Many economists argue that the power of the cultural economy and opportunities for consumption mark a new paradigm in the competition between cities. To be sure, cities will always serve as places of employment, production and abode. However, they now serve as dynamic centers of consumption for educated workers. The amenities and opportunities for consumption now hold a higher place in a city’s equation for success than ever before, a paradigm shift brought about in part by the consumption proclivities of the new creative class. In short, “Traditional cities will only succeed when they provide amenities that are attractive to high human capital residents.”44 A provocative April 2000 story in The Economist titled “The Geography of Cool” asserted that cities such as New York, long considered the leaders in fashion, the arts, music and other forms of entertainment, emerged as top places attracting young talent specifically for this reason.45 Educated workers place a higher premium on opportunities to enjoy restaurants, live music, theater performances and sporting events, among other things. Florida notes that this accounts for a large share of the preference shown by the “creative class” for urban settings, generally, over rural ones.46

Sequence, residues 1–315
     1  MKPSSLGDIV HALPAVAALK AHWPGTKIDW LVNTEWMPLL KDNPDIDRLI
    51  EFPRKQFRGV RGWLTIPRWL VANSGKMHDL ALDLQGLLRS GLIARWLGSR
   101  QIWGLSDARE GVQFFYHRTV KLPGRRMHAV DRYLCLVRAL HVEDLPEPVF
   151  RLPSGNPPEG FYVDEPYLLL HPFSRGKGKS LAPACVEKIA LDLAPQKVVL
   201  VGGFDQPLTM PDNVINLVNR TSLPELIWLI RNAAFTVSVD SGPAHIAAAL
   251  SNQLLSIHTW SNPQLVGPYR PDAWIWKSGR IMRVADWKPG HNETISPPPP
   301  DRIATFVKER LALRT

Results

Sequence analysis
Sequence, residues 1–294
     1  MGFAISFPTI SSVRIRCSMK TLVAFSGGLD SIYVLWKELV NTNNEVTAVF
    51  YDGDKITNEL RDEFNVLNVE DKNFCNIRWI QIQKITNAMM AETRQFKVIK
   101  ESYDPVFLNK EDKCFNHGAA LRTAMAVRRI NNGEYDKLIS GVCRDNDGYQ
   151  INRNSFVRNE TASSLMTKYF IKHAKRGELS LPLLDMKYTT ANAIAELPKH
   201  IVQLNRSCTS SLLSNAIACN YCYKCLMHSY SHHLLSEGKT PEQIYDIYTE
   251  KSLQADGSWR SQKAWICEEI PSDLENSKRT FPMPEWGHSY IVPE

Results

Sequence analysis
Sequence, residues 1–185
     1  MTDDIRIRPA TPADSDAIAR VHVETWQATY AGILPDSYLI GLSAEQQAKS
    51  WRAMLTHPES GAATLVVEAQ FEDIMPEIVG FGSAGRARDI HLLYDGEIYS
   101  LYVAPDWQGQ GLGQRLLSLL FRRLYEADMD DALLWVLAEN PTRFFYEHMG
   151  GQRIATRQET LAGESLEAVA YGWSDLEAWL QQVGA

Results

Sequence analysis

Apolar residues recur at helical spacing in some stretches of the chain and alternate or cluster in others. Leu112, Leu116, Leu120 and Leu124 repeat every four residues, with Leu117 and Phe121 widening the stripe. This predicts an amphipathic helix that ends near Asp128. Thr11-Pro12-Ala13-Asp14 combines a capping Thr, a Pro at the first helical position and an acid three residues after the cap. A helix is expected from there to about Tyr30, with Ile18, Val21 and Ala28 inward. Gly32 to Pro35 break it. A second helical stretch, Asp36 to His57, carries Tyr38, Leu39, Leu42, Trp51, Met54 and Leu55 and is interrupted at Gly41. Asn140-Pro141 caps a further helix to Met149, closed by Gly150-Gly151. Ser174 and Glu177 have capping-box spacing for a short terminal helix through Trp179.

More importantly, specialized consumption opportunities, such as ethnic restaurants, theaters, art museums, sporting events and other retail, rely on the economies of scale and support of dense urban areas to have a critical mass of consumers. The fixed costs of theaters, museums and restaurants become more affordable when spread among strands of museum visitors and theatergoers, for example. Density enables markets and connects the most important market, the labor market, with firms and people with financial capital. Cities with more restaurants and live performance theaters per capita have experienced greater economic growth in both the United States and France over the past 20 years, according to an analysis by Glaeser, Kolko and Saiz. In that same analysis, “amenities appealing to less-educated workers — bowling alleys and movie theaters — are both negatively associated with county population growth,” a proxy for economic decline.47 Underlining the importance that culture, programming and “coolness factor” play in the attraction of talent to a metro area, economist Terry Clark dubs the city an “entertainment machine.”48 Similarly, Glaeser uses the terms “pleasure zones” and “urban theme parks.”49 It is a nexus that would have appeared tenuous in a previous generation — a city’s artistic and cultural creativity has a strong bearing on the attraction of people who also make the emergence of technology-driven industries and businesses more probable.
So Is Milwaukee a Creative-Class City?